It’s been many years since I’ve heard anyone remark to me,「日本語がお上手ですね」(“Nihongo ga ojōzu desu ne,” “Your Japanese is good”).
It took me a while to realize that such a remark was probably never really intended as a compliment in the first place. Rather, it should be taken as encouragement, meaning something akin to: “Wow, I actually understood what you just said. You’re making progress. Keep at it.”
What’s a better way to say it then?「日本語がぺらぺら 」 (“Nihongo ga pera-pera“) is a colloquial way to describe someone’s fluency. Even better would be to say「日本語が完璧です」(“Nihongo ga kanpeki desu,” “[his] Japanese is perfect”).
Back when I worked as an advertising copywriter, the ad-agency executive who took me around to clients’ offices used to introduce me to his customers by informing them, 「 彼は漢字が読める」 (“Kare wa kanji ga yomeru,” “He can read Chinese characters”). This, I suppose, was his way of letting them know I was not 尻が青い (shiri ga aoi, wet behind the ears).
But the most flattering bit of praise I ever received regarding my Japanese language ability was not particularly gratifying.
Back in the early 1980s, I’d been riding my just-purchased ナナ半オートバイ (nana-han ōtobai, 750 cc motorcycle) on the Shuto Expressway and promptly ran into a 交通取り締まり (kōtsū torishmari, crackdown on traffic offenders), better known as a ネズミ取り (nezumitori, speed trap). The cops said their radar had caught me doing スピード違反 (supīdo ihan, in excess of the posted speed limit).
Japan’s traffic laws are damn strict, and normally this offense results in 一ヶ月免許使用停止処分 (ikkagetsu menkyo shiyo teishi shobun, a one-month’s suspension of your driver’s license). But I was told that the license could be restored on the spot if I attended a refresher course in traffic safety.
“Bring someone to interpret for you,” a police official requested over the telephone, which struck me as strange, because our conversation had been entirely in Japanese.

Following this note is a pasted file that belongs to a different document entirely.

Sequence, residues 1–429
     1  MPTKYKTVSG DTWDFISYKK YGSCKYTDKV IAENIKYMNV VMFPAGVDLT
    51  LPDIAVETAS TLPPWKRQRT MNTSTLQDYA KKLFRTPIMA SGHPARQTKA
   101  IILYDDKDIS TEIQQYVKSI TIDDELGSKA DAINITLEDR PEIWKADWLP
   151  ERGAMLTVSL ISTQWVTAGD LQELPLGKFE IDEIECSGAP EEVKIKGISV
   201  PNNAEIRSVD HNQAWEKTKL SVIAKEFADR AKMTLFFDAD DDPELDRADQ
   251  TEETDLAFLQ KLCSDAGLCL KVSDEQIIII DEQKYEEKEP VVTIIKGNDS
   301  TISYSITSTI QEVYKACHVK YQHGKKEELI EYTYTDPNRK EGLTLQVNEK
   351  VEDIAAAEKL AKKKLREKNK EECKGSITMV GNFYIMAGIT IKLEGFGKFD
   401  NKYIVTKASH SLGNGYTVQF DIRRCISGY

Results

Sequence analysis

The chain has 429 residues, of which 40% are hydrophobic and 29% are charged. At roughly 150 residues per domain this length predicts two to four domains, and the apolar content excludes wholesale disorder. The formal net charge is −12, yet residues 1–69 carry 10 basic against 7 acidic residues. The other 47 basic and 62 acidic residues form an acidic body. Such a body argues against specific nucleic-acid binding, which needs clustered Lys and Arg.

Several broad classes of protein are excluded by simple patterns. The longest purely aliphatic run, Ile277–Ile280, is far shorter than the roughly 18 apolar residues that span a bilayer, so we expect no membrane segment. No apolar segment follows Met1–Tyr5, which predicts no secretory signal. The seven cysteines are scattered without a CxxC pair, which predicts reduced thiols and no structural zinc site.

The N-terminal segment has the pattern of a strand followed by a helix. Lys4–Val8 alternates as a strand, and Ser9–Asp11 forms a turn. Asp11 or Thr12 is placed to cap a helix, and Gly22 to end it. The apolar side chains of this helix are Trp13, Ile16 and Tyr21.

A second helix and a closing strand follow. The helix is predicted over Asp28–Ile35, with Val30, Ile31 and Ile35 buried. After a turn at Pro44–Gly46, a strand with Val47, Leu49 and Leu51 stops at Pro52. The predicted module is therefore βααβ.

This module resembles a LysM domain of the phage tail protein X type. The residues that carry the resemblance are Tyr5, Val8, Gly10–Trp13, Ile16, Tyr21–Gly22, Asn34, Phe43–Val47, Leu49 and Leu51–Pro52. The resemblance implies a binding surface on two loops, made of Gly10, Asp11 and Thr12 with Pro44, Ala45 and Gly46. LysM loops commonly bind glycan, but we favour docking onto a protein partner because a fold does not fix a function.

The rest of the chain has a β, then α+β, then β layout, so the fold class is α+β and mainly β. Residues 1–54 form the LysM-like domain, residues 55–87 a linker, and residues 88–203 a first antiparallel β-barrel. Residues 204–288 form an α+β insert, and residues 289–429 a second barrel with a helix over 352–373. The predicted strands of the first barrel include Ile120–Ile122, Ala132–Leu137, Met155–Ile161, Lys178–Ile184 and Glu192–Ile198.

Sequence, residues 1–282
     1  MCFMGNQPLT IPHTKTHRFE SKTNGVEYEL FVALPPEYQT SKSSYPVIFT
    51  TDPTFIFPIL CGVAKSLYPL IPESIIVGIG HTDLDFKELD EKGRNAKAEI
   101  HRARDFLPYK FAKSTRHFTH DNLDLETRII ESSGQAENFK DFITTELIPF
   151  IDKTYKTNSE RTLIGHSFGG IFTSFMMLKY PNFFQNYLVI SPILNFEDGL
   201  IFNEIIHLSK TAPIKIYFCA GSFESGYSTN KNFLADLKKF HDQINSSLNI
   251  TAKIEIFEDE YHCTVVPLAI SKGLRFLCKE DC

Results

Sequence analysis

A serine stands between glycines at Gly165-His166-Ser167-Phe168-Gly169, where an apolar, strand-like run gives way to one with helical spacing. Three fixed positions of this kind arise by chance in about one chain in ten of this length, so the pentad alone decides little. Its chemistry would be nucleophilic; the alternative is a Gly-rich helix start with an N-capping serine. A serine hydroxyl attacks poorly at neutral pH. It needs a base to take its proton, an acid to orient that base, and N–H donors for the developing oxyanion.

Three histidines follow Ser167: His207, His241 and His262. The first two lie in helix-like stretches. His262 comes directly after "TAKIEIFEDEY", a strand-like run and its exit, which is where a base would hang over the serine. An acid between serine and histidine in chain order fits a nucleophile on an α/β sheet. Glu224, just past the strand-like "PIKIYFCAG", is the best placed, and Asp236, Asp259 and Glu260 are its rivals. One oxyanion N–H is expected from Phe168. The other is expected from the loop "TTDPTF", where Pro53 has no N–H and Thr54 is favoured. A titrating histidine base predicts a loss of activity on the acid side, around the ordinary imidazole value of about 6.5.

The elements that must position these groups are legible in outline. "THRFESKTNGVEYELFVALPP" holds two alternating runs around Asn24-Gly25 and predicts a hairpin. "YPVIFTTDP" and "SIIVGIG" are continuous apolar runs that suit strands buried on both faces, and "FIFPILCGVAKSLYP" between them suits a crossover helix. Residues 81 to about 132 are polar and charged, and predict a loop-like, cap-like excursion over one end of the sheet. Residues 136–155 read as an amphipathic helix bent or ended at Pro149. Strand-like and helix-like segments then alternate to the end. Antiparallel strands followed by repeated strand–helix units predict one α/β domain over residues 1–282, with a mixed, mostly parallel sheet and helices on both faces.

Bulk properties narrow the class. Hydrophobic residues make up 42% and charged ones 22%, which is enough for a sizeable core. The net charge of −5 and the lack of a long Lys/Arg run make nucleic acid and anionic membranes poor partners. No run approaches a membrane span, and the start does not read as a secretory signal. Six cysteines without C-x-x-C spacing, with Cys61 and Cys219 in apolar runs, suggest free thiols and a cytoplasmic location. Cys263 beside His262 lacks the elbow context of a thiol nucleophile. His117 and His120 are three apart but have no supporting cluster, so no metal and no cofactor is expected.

Anyway, a few days later I went to the driving test center in Samezu, Shinagawa Ward, to sit through six hours of videos, lectures and two written tests. At the end we were administered a 選択問題試験 (sentaku mondai shiken, multiple-choice test) on driving regulations.
The tests were graded, but before the official at the counter began calling out people’s names to return their licenses, he chided the others in the room, saying, 「 本日、外国の方がすばらしい成績を取られました」 (“Honjitsu, gaikoku no kata ga subarashii seiseki wo toraremashita,” “Today the foreign person achieved an outstanding score”).
Being the only gaikoku no kata (foreign national) in the room, I half expected a round of applause, or perhaps at least a fellow penitent slapping my back and exclaiming 「ようやった！」(“Yō yatta,” “Well done!”) Upon which I might respond by saying, 「光栄です」(“Kōei desu,” “It’s an honor”) or even embellish my response by bowing deeply from the waist and saying, 「どうも、身に余る光栄でございます」 (“Dōmo, mi ni amaru kōei de gozaimasu,” “It is a great honor, indeed”).
More likely the others were thinking, 「うわべだけのお世辞だ」 (“Uwabe dake no oseji da,” “That’s a left-handed compliment”). Driving is not rocket science, and the questions were mostly simple common sense. And after all, the only prize was restoration of my license’s validity. So rather than indulging in 手前味噌 (temae miso, self-flattery), I realized that my high score on the test was hardly a noteworthy achievement.
In the nearly 20 years I spent working at Japanese companies, I rarely heard a supervisor or boss praise a subordinate for a job well done, at least in front of his peers.
If someone is lucky, the boss might nod and tell him or her,「ああ、これで十分です。」(“Ah, kore de jībun desu,” “This is satisfactory”).
Actually, I’ve always found giving and receiving compliments in Japanese to be one of the trickiest aspects of the language. For that reason I am reluctant to engage in お世辞 (oseji, flattery) for fear my words might be misinterpreted as 胡麻スリ (gomasuri, literally “grinding sesame,” but meaning to be a toady or sycophant). Perhaps it is better not to be praised at all than ほめ殺される (homegorosareru, to be damned with faint praise).
My female supervisor at work used to remind me not to 尊大に構える (sondai ni kamaeru, act self-importantly), using an old saying that goes「能ある鷹は爪を隠す」 (“Nō aru taka wa tsume wo kakusu,” “The skilled hawk does not bare its talons,” i.e., a talented person knows to be modest).
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